Why I stopped Earning to Give

I have earned to give for 2.5 years as an Analyst and then Associate in the mergers and acquisitions team of an industrial conglomerate in Sweden. I stopped in mid-2014, and I do not plan to earn to give again. Instead, I am now writing a master’s thesis in philosophy, and I aim for a career in that field. In this post, I will describe my primary reasons for not earning to give with a focus on my main thought—that it seems easier to perform in work that one loves. My aim is not to argue against anyone earning to give; I think it is good that there is more awareness these days that earning to give is an option and others may find that it suits them better than it suits me. My purpose is rather to share my experience in case it might be of interest to people considering earning to give. Also, the recommendation from 80,000 Hours is only earn to give if you have good personal fit with the career, which fits my impression.

This post is just Simon K’s own views and doesn’t represent the views of 80,000 Hours.

My background

I received a bachelor’s degree from University of Gothenburg in Sweden in philosophy, also taking courses in economics and international relations. I enrolled for one year in the master’s program in philosophy at New York University. I then interned for the FAO in Stockholm and studied more economics and statistics. I volunteered for GiveWell leading to a position as a full-time Research Analyst. After GiveWell, I moved back to Sweden and earned a master’s degree in economics. After the economics degree, I started working for the industrial conglomerate mentioned above and became Chair of the Animal Charity Evaluators board of directors. I also chaired the board of the political party for animals in Sweden. I am currently also involved with the Foundational Research Institute.

My three main reasons for not earning to give are:

  1. I seem to perform much better when I work directly on issues that that I think are most important from an altruistic perspective. I feel that it is difficult to be enthusiastic enough about the work in business.
  2. I see few giving opportunities that I would like to support through earning to give.
  3. It is challenging to have different values from one’s colleagues.

1. Performing in business

Say that you work for a company that produces a printed magazine focusing on interior design. You are faced with a typical business challenge: competing magazines have launched online versions in addition to their printed versions. Should your company also launch an online version, and if so, how? My spontaneous attitude to such challenges is that it is kind of fun to solve problems, I want to do a good job, and since I will donate a large share of my earnings, it is important that I perform. But, in the big scheme of things it hardly matters whether this business challenge is solved well or not. And most business challenges are mundane. Maybe your company is producing parts for a machine used in the construction industry, and you are responsible for aftermarket support and warranties. You may be faced with the challenge of improving customer satisfaction. I find it difficult to mentally attack such problems with nearly as much energy and effort as I do when faced with something that I find to be extremely important, such as how to make progress on the most altruistically important issues. My experience over the last 15 years with challenges that I feel this different about, in school, volunteer work, and paid work, is that there is a large difference in my performance. This has lately led me to think that I can essentially only be successful if I get work on what I think are the most important tasks. Because otherwise, I will not be dedicated enough to be able to compete.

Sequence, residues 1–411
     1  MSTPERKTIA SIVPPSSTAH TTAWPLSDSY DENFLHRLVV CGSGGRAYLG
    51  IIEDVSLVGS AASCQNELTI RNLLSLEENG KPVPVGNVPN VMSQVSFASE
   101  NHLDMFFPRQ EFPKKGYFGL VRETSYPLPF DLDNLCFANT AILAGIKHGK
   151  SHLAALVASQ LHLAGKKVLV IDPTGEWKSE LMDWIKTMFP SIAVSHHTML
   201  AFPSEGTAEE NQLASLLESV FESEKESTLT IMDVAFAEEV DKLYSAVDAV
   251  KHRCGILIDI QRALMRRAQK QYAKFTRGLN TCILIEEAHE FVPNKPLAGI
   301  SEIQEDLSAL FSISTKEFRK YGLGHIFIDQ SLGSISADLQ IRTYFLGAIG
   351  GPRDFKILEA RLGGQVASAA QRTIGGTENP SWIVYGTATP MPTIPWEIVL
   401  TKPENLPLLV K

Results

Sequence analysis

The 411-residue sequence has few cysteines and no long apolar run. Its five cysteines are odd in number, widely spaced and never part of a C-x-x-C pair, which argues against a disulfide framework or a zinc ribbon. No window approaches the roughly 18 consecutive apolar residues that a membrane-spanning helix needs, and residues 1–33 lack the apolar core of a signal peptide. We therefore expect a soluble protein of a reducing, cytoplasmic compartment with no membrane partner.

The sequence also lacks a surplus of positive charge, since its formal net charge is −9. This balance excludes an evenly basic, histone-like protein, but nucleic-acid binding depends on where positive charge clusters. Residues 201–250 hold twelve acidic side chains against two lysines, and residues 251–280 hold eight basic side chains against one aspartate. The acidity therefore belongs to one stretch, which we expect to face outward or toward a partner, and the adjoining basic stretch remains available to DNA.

It also makes sense theoretically that someone who is more passionate about a job for reasons other than money would perform better, even if the person is ultimately motivated by the altruistic impact that the money can have. And it seems to be generally accepted that someone selecting a job more because of the money performs worse than someone with more intrinsic motivations. In my experience, recruiters typically do not want to hear that money is the motivation for applying for a job. Rather, recruiters want to hire people who think that the position in question would be a dream job in itself. I expect that recruiters would react similarly even if the candidates aim was to give the money away, although that is probably rare for them to hear and I do not have any data on it.